Why Band Birds?
Bird banding data are useful in both research and management projects. Individual identification of birds makes possible studies of dispersal and migration, behavior and social structure, life-span and survival rate, reproductive success and population growth.
Dispersal and Migration
Every bander participates in studies of dispersal and migration by sending all their banding data in to a central site, the Bird Banding Laboratory. When banded birds are captured, released alive and reported from somewhere else we can reconstruct the movements of the individual bird.
In this way we have learned that some species go south in one pathway and return north by another pathway. Nesting and wintering grounds have been located for some species, and specific nesting grounds have been connected to specific wintering areas. The Arctic Tern makes the longest migration flight of any living species, making an annual round trip flight of 25,000 miles. The migration routes used by this species have been determined by band recoveries in part.
Behavior and Social Structure
Many researchers use banding as one tool in their studies of bird populations and communities. The Bird Banding Laboratory can give banders permission to use additional techniques to study birds, including markers that are more visible than the metal service bands. Some banders use colored leg bands to mark individual birds and study their local movements and behaviors from a distance. Individual identification of birds allows many things to be studied without handling the bird again. Some things that may be studied include territorial behavior, mate fidelity, territory size and fidelity, reproductive behavior (which bird builds the nest? Feeds the young? How often?).
Determining Life Span
Banding allows the determination of the minimum length of time that an individual bird lives. Without an individual marker, there would be no way to determine if the Cardinal that is outside my window is the same bird that I saw last year or not. With a bird band, if I catch that Cardinal today and band it, I will know if that one bird is caught again in the future.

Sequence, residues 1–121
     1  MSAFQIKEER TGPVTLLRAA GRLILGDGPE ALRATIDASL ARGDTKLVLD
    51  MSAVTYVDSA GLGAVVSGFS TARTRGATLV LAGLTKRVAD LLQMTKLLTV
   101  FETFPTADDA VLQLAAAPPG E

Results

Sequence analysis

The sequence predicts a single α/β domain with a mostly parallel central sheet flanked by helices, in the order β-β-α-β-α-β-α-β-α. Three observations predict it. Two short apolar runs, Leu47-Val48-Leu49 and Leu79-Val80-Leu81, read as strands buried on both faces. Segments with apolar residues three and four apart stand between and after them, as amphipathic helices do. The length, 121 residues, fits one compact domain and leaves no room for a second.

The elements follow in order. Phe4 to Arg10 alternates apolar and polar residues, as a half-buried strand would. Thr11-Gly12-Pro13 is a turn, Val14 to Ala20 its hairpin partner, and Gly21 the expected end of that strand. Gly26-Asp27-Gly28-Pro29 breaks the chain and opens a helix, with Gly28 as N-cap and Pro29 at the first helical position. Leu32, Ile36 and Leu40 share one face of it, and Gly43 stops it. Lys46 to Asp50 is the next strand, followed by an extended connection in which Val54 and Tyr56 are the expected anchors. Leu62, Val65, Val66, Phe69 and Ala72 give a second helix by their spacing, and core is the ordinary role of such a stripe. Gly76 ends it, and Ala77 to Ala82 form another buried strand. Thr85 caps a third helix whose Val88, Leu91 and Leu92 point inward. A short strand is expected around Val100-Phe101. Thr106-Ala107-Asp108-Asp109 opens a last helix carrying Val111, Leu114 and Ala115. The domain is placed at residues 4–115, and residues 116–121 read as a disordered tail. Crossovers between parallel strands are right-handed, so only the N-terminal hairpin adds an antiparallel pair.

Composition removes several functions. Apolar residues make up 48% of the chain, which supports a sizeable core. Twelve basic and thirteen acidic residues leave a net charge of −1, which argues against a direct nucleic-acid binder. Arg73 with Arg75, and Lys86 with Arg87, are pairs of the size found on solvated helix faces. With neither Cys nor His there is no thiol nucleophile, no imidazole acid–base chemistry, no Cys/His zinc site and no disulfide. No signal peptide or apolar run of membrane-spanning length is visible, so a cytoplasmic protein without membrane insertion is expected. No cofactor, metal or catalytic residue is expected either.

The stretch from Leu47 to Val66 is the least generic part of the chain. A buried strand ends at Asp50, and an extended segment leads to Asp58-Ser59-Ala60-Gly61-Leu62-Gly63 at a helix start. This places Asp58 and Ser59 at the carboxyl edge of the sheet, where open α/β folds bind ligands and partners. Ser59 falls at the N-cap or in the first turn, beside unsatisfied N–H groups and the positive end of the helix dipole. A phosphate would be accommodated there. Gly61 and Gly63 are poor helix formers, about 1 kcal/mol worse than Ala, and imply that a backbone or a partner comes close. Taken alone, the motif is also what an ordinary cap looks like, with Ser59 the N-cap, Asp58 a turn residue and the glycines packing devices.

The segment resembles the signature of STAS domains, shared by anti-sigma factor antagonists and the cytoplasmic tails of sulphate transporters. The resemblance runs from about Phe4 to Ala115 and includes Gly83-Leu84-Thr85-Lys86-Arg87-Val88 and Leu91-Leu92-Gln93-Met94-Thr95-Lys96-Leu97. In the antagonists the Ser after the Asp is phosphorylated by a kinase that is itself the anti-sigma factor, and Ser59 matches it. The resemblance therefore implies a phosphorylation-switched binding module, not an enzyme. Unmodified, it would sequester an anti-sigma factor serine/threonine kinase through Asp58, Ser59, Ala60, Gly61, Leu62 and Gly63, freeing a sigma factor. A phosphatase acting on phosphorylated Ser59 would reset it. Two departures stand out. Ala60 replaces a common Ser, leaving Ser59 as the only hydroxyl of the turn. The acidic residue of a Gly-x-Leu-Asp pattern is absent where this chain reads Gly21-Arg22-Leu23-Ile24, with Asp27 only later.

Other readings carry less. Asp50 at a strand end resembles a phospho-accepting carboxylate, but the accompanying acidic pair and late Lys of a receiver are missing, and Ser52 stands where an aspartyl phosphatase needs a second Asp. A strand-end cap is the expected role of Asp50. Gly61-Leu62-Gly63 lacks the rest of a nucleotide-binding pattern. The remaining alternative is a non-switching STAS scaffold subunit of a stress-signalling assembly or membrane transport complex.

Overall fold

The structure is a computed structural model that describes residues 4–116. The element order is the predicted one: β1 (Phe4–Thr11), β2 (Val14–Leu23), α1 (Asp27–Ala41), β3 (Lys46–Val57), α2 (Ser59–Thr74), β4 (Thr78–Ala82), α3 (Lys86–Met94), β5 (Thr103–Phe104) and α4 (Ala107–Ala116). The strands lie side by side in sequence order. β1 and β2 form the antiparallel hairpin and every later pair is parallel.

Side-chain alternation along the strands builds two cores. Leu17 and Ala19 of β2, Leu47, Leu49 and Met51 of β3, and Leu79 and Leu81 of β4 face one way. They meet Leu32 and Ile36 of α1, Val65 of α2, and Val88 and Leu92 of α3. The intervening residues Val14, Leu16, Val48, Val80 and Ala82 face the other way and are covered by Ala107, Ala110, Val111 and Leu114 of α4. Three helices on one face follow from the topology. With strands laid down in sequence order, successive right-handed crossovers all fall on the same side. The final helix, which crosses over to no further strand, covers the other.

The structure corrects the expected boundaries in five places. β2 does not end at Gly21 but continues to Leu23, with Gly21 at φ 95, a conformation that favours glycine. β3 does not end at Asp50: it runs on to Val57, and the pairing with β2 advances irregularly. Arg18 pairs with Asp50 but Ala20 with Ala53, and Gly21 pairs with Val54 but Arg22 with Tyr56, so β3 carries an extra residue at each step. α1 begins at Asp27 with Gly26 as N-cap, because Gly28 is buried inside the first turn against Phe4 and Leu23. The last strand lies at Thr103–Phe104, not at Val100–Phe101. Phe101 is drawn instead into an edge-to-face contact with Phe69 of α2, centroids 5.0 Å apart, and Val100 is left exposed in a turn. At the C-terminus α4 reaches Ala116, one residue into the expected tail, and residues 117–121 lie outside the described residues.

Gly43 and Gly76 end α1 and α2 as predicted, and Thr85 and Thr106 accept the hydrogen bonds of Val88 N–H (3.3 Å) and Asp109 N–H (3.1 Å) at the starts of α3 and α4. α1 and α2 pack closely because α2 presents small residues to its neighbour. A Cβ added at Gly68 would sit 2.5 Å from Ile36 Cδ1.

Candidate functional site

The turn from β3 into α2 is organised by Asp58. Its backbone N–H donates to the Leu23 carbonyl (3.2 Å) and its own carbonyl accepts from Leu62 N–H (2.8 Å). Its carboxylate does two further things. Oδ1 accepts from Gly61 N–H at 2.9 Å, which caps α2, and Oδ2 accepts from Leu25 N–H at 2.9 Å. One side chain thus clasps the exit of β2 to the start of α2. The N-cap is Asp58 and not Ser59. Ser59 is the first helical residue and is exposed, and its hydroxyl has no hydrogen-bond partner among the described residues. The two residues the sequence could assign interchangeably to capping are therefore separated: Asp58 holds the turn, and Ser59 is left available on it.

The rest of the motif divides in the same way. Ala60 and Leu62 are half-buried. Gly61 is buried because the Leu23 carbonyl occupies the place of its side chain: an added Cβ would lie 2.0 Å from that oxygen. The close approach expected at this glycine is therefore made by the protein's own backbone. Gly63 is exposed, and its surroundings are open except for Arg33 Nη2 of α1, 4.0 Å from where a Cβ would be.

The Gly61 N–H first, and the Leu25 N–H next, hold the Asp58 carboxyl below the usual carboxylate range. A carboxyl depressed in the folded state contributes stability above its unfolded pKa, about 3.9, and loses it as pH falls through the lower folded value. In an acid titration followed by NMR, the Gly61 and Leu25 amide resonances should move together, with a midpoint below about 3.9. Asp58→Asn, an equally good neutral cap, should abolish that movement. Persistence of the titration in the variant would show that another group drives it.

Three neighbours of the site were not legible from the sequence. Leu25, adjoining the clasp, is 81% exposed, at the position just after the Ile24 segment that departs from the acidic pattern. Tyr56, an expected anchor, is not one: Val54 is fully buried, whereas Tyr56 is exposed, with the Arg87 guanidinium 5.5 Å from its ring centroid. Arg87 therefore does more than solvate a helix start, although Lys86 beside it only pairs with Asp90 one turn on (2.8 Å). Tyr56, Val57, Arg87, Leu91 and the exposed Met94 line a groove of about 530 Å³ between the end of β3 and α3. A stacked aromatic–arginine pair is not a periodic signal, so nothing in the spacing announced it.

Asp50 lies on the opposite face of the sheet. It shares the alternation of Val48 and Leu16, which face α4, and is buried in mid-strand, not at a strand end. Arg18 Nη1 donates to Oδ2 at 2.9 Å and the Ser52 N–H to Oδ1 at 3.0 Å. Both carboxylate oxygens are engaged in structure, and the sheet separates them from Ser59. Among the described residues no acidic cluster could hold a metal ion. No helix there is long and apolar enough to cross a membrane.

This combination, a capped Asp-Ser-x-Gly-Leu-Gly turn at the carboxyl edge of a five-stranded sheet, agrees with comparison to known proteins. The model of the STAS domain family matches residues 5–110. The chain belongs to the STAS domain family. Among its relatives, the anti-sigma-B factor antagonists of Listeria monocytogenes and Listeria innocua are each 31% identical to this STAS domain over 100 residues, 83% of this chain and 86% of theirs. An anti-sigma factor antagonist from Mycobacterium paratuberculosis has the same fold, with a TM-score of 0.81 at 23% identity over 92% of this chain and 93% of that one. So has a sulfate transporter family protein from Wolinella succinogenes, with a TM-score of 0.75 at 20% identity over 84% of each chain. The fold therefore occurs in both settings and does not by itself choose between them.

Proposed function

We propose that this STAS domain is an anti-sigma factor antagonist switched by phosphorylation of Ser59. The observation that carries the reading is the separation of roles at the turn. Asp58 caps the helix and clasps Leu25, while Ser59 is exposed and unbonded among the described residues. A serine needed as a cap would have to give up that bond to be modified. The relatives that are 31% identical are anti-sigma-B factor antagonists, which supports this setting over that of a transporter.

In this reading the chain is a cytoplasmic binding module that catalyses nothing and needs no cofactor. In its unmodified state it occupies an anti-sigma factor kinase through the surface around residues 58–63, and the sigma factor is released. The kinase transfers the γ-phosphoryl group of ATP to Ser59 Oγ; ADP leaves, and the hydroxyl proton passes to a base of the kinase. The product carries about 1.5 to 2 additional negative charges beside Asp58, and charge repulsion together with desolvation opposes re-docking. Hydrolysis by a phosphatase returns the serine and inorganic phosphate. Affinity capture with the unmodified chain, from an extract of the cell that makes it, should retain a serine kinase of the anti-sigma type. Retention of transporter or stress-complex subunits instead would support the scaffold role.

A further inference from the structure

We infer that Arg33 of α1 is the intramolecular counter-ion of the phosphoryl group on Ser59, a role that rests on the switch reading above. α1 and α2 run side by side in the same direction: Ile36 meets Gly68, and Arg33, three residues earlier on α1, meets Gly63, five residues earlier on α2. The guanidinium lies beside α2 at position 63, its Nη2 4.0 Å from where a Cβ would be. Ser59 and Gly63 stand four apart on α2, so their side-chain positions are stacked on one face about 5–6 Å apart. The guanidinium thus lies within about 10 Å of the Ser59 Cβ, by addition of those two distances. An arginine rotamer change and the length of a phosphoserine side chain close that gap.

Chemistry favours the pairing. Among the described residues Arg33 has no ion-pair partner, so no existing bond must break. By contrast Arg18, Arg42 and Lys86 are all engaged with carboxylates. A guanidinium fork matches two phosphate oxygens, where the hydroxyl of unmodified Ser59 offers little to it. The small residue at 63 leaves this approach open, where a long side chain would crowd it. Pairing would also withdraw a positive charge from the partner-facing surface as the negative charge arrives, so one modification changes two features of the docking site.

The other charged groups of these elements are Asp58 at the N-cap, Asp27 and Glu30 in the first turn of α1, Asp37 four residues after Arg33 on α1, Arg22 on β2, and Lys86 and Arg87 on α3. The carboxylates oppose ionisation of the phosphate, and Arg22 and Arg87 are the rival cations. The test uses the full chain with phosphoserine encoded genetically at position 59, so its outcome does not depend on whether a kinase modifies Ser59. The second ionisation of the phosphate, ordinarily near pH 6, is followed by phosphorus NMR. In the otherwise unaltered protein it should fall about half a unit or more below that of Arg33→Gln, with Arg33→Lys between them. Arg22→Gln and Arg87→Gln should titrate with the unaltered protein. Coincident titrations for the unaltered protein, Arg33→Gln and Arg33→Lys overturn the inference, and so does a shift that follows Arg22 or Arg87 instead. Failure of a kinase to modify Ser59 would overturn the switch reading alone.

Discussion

We have learned, for example, that it is not uncommon for individuals of some species to live 10 to 20 years or more in the wild. Small songbirds that we may think of as short-lived may live a surprising length of time. We have a record of a hummingbird living as long as 12 years! However, the average life span of the majority of the individuals is much shorter.
Banding and marking birds can also be used to estimate the numbers of birds in a population using a mark-recapture technique. Birds are marked in one time period, and then recaptured or resighted in a later time period. The number of birds marked in the first period and the ratio of marked to unmarked birds in the population in the second period allow the total population of birds to be estimated.
Estimating Survival and Productivity
Banding data allows for the comparison of normal, wild banded birds with birds that may have had their survival altered by exposure to oil or other hazards. Survival and Productivity can be studied by using a constant effort banding site, such as those required by the Monitoring Avian Productiviy and Survivorship (MAPS) program, a cooperative research effort of the Institute for Bird Populations and banders throughout North America.
Toxicology and Disease Research
Birds can be vectors of diseases which effect people, including encephalitis and Lyme disease. Sampling wild birds for serious disease helps determine the prevalence of the disease in the population. Banding allows for birds that have been sampled once to be avoided in the next sample--or to be resampled, depending on the study.
Toxicology projects using banding assess the turnover time or how long birds use an area once they arrive in it. This allows the researcher to determine the potential exposure of birds to chemicals in contaminated areas.
Other Uses of Game Bird Data
An analysis of banding information from game birds is completed annually and is essential for hunting regulations development and for detecting changes in waterfowl populations. Banding data can be used to assess the hunting pressure, estimate productivity and survival, and measure the vulnerability of the age/sex classes to hunting pressure.